The association "Deutsch Plus"
Working for diversity in Germany

The association "Deutsch Plus" was founded in 2011 with the aim of promoting equal opportunities and participation for people with a migration background. The hope is that by embracing diversity, Germany can progress from being a country of immigration to becoming a true society of immigration. By Claudia Mende

Germany is a melting pot. Around 18.6 million people, or more than 20 per cent of the population, have either immigrated to Germany or have ancestors who came from somewhere else. The majority of them (9.6 million) hold a German passport. In many areas of society, however, the representation of people with a migration background does not correspond to their actual proportion of the population. Politics, public administration and business, as well as science and academia, culture and the media still do not adequately reflect the diversity of the population.

Second- and third-generation immigrants – whose parents focused their energies on ethnic clubs and associations – are now actively demanding equal opportunities and participation in society. A whole series of organisations has been set up in recent years specifically for this purpose; one of them is the association "Deutsch Plus" (German Plus).

Deutsch Plus is an initiative launched by young writers, filmmakers, scientists, scholars and entrepreneurs. The association's extended board includes social scientists such as Naika Foroutan and Esra Kücük and the social entrepreneur Murat Suner.

The chairman of the association is the political scientist Farhad Dilmaghani, who was State Secretary in Berlin's Senate Department for Labour, Integration and Women's Affairs from 2012 to 2013. The extended circle also includes around 400 sponsors and supporters throughout Germany.

The association was founded in part in response to the Sarrazin controversy in 2010. In his bestseller "Deutschland schafft sich ab" (Germany is abolishing itself), former Berlin Senator for Finance Thilo Sarrazin denigrated immigrants of Arab origin and contributed to aggravating stereotypes in society.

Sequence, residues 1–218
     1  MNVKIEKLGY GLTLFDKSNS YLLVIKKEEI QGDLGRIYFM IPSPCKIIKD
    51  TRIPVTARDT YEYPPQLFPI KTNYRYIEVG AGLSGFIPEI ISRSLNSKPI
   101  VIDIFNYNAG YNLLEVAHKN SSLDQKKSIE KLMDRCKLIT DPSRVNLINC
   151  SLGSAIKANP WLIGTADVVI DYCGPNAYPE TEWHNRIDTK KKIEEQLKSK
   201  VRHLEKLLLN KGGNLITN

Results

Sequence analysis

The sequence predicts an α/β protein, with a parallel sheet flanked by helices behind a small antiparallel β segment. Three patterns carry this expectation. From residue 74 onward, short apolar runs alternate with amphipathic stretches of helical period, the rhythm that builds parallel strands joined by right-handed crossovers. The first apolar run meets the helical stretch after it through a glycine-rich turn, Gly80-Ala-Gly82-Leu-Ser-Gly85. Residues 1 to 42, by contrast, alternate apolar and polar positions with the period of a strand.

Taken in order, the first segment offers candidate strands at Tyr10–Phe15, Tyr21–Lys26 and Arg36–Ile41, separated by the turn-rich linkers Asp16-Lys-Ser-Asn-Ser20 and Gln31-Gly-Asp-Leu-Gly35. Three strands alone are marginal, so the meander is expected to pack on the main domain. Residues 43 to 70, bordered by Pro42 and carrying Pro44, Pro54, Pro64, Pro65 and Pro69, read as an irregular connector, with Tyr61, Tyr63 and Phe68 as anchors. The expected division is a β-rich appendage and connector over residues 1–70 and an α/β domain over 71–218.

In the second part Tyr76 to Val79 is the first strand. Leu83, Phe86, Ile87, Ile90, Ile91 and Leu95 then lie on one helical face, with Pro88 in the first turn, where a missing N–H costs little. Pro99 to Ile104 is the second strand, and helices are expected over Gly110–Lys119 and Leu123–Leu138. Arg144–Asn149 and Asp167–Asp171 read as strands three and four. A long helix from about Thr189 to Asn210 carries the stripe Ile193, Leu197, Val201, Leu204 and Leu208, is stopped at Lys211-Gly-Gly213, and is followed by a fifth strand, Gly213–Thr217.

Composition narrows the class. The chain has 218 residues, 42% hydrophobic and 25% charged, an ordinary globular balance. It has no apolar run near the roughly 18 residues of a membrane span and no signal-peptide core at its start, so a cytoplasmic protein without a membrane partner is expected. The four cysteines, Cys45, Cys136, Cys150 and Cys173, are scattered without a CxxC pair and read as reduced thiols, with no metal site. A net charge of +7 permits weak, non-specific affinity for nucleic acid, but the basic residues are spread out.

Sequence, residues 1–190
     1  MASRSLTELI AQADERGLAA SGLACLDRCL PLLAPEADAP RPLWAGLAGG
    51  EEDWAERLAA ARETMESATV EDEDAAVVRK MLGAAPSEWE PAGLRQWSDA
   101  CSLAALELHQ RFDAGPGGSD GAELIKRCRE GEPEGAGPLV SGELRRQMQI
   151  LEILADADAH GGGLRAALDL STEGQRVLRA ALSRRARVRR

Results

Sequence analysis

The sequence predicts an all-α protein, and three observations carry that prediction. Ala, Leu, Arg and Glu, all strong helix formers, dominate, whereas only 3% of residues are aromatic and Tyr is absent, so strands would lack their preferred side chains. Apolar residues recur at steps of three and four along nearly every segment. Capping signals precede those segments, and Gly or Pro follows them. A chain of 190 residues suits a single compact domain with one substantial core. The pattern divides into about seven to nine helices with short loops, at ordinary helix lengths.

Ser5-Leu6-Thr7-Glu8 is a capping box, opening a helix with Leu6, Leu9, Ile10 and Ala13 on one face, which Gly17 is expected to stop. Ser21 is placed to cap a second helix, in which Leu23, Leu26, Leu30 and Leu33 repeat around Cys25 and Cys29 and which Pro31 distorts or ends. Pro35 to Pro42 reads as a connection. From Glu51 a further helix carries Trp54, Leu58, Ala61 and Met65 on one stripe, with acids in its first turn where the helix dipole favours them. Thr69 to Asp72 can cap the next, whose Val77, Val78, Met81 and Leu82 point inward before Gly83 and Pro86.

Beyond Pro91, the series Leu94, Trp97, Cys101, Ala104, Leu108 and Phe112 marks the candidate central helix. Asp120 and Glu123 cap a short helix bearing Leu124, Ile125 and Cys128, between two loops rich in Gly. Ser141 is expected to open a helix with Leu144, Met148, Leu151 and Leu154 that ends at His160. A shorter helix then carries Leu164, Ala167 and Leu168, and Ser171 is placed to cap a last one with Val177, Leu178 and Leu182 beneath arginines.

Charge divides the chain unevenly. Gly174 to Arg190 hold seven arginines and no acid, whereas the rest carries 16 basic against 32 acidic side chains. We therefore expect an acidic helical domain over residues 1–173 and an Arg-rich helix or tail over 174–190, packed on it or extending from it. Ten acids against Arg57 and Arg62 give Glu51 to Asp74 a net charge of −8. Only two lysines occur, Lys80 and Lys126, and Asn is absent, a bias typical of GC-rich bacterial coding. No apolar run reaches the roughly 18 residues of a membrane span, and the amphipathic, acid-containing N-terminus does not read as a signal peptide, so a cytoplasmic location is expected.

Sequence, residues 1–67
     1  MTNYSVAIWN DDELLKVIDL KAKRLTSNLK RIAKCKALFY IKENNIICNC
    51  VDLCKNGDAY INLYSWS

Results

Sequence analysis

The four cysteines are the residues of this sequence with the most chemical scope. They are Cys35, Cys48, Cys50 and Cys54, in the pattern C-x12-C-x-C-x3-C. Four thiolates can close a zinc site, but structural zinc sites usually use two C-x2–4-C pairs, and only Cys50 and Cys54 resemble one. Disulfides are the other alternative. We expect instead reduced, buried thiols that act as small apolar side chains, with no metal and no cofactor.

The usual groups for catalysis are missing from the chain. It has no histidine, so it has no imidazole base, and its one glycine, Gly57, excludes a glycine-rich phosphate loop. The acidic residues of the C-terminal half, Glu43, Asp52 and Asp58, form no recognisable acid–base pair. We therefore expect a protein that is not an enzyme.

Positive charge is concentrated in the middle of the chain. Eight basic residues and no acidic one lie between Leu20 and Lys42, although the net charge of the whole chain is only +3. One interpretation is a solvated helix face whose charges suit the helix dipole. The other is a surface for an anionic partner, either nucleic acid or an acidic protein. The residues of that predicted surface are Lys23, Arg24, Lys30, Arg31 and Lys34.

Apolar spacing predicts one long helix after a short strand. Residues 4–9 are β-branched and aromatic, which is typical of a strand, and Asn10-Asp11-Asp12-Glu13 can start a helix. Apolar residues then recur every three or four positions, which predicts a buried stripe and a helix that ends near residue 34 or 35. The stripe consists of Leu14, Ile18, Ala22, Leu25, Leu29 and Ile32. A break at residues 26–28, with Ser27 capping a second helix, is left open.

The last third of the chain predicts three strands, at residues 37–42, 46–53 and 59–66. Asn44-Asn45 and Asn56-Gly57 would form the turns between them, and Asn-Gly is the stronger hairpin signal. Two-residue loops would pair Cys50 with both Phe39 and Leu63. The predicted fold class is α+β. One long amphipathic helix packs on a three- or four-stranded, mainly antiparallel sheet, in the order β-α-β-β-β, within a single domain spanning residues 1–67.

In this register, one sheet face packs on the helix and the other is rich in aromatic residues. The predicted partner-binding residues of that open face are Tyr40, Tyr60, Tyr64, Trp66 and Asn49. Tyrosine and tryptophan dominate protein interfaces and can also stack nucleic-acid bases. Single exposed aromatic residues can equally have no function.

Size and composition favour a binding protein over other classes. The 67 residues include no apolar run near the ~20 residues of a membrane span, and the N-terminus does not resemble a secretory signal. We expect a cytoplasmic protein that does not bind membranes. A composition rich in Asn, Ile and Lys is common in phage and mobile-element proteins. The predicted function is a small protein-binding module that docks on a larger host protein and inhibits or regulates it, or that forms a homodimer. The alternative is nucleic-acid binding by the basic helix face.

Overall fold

The Deutsch Plus network wanted to counter this trend by contributing to a better acceptance of diversity in society. For its chairman, Farhad Dilmaghani, it is clear that Germany will only succeed at becoming an immigration society if people embrace "diversity as one of the foundations of society". But Germany has not reached that point yet.

Logo of the initiative Deutsch Plus (source: Deutsch Plus)
Working for diversity: Deutsch Plus is workig to ensure a better acceptance of diversity in society." For its chairman, Farhad Dilmaghani, it is clear that Germany will only succeed at becoming an immigration society if people embrace 'diversity as one of the foundations of society'," writes Claudia Mende

Intercultural opening of institutions

One important issue is the intercultural openness of institutions. To this end, Deutsch Plus in conjunction with the Robert Bosch Foundation offers a "diversity check" for state institutions, organisations and welfare associations.

Deutsch Plus then sets up workshops or individual consultations with these organisations to take stock of their current status and accompany them on their journey towards greater diversity, which can take from one to two years. They are also given the necessary tools for this process. Several public institutions at state and federal levels have availed of this service, including the Federal Ministry of Labour and Social Affairs in Berlin as well as welfare associations such as Diakonie.

For the public sector, intercultural opening has only been on the agenda for about the last ten years. The National Integration Plan launched by the federal government in 2007 called for the first time for an increase in the proportion of immigrants in the civil service. The aim here is for the composition of personnel in public authorities, ministries and offices to mirror that of the population as a whole.